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David Compares Durations in CFA^{®} vs. FRM^{®}

I’d like to clarify duration terminology as it pertains to differences between the CFA and FRM. Our forum has hundreds of threads over 12+ years on duration concepts (it’s hard to say which links are the best at this point, but I’ll maybe come back and curate some best links). Our YouTube channel has an FRM P2.T4 that includes videos on DV01, hedging the DV01, effective duration, modified versus Macaulay duration, and an illustration of all three durations. There are many nuances and further explorations, but here my goal is only to clarify the top-level definitions.

I’ll use the simple example of a $100.00 face 20-year zero-coupon bond that currently yields (yield to maturity of) 6.0% per annum. If the yield is 6.0% per annum with continuous compounding, the price is $100.00*exp(-0.060*20) = $30.12. If the yield is 6.0% per annum with annual compounding, the price is $100.00/(1+0.060)^20 = $31.18. Unless otherwise specified, I will assume a continuous compound frequency. *Special note*: we so often price a bond given the yield (where CPT PV is the final calculator step) that it is easy to forget yield is not actually an input. Yield is the internal rate of return (IRR) assuming the current price. Yield does not determine price; price determines yield. Technical (non-fundamental) factors cause the price to fluctuate, therefore yield fluctuates.

**1. ∂P/∂y (or Δp/Δy)** is the *slope *of the tangent line at the selected yield. At 6.0% yield, the slope is -$602.39. How do I know that? Because dollar duration is the negated slope, so in this case dollar duration (DD) = P*D = $30.12 price * 20 years = $602.39. **Importantly**, the “y” in ∂P/∂y is yield and *yield is just one of several interest rate factors.*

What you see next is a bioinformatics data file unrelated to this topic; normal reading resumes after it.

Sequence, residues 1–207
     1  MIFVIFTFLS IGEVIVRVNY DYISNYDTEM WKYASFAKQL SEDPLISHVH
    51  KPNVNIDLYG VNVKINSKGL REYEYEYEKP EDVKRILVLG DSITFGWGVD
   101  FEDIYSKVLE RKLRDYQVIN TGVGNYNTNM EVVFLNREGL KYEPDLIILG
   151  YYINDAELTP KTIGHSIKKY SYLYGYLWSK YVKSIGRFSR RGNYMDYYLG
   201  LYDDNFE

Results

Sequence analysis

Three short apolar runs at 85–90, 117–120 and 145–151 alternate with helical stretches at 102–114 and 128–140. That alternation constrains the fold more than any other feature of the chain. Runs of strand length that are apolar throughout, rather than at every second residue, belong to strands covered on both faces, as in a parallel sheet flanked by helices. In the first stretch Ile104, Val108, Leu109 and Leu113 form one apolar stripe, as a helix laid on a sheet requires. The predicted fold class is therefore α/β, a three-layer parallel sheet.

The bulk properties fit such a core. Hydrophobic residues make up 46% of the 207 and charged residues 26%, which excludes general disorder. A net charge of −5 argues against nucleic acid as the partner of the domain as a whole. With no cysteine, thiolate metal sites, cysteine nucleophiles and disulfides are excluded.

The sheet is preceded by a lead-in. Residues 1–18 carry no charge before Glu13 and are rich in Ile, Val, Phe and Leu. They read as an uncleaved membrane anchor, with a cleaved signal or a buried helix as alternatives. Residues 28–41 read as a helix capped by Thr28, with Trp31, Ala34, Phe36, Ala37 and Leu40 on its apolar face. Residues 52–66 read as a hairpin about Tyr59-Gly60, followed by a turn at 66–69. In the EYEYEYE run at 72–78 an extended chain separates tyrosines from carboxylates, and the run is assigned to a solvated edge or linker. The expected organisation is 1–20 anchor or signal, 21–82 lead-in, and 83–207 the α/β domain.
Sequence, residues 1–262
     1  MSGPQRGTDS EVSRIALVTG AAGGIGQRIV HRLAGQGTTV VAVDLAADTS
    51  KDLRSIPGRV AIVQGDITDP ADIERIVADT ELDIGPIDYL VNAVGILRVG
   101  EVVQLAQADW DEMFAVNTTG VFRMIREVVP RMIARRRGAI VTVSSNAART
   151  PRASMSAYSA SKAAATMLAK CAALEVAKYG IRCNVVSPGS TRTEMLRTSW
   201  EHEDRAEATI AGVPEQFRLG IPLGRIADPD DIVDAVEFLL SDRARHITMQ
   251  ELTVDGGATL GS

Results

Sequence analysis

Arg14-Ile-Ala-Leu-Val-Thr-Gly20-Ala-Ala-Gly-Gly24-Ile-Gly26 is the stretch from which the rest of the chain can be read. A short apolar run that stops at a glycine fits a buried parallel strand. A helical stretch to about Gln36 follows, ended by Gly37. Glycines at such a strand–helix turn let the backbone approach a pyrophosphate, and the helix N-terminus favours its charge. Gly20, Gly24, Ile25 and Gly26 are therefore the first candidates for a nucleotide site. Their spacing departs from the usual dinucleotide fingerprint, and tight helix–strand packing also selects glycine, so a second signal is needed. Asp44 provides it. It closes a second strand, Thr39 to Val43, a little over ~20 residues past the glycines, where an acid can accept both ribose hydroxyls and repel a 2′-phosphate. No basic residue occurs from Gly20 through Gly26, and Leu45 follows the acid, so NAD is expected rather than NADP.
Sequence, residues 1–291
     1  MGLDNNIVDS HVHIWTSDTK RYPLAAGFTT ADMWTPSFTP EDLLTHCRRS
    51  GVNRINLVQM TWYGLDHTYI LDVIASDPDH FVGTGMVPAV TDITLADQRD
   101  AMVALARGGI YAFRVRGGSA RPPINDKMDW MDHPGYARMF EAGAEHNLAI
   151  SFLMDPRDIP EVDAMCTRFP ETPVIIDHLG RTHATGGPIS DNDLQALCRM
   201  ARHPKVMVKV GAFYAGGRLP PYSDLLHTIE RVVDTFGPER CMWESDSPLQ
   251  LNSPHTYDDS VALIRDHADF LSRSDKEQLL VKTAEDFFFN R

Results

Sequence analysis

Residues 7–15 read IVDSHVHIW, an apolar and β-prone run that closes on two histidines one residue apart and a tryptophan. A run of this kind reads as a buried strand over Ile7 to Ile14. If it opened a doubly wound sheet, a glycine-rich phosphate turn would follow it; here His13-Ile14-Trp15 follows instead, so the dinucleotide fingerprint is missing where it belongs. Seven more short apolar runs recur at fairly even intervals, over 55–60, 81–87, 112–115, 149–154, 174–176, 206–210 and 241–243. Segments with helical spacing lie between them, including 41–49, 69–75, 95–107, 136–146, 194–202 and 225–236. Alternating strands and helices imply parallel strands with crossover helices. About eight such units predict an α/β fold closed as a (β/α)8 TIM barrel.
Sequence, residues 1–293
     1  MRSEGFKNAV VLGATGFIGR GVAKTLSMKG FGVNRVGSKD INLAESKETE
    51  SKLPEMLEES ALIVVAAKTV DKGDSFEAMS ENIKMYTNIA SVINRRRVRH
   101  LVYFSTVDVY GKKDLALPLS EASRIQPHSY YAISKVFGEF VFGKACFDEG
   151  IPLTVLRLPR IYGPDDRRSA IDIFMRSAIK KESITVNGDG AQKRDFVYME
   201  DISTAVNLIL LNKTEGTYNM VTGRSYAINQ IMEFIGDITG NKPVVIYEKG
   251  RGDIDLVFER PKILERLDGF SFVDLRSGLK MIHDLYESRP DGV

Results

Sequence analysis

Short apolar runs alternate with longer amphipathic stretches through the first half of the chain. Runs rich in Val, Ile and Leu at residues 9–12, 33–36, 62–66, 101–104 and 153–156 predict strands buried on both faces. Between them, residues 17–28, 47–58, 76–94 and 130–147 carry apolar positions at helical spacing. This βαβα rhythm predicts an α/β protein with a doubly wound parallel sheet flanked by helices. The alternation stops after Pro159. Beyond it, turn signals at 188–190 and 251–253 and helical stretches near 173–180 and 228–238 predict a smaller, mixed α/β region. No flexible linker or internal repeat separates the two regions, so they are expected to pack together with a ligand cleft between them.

**2. Dollar duration **(DD; aka, money duration in the CFA) is analytically the product of price and modified duration. Dollar duration (DD) = P*D = $30.12 * 20 = $602.39. Why is it so large? Because it’s the (negated) tangent line’s slope, so it has the typical first derivative interpretation: DD is the dollar change implied by one unit change in the yield, -∂P/∂y. One unit is 1.0 = 100.0% = 100 * 100 basis points (bps) per 1.0% = 10,000 basis points. So, DD is the dollar change implied by a 100.0% change in yield *if we use the straight tangent line which would be a silly thing to do*! Recall the constant references to limitations of duration as linear approximation. The linear approximation induces bias at only 5 or 10 or 20 basis points, so 10,000 basis points is literally “off the charts” and not directly meaningful. What is meaningful? The PVBP (aka, DV01) comes to our rescue with a meaningful re-scaling of the DD …

**3. Price value of basis point (aka, dollar value of ’01, DV01)** is the dollar duration ÷ 10,000. It’s the tangent line’s slope re-scaled from Δy=100.0% to Δy= 0.010% (one basis point). PVBP = P*D/10,000; in this example, PVBP = $30.12 * 20 / 10,000 = $0.06024. It is the dollar change implied by a one basis point *decline *in the yield. It is still a linear approximation, but much better because we zoomed in to a small change. In this way, the difference between the highly useful PVBP and the dollar duration is merely scale.

**4. Macaulay duration** is the bond’s * weighted average maturity *where the weights are each of the bond’s cash flow’s present value as a percentage of the bond’s price. Macaulay duration is tedious however it is reliable and it is

*analytical*. When we can compute the Macaulay duration, it is accurate; we don’t approximate by re-pricing the bond. A zero-coupon bond has a Macaulay duration equal to its maturity because it only has one cash flow (hence the popularity of the zero-coupon bond in exam questions, never mind the zero-coupon bond is a reliable primitive). Our 20-year zero-coupon bond has a Macaulay duration of 20.0 years.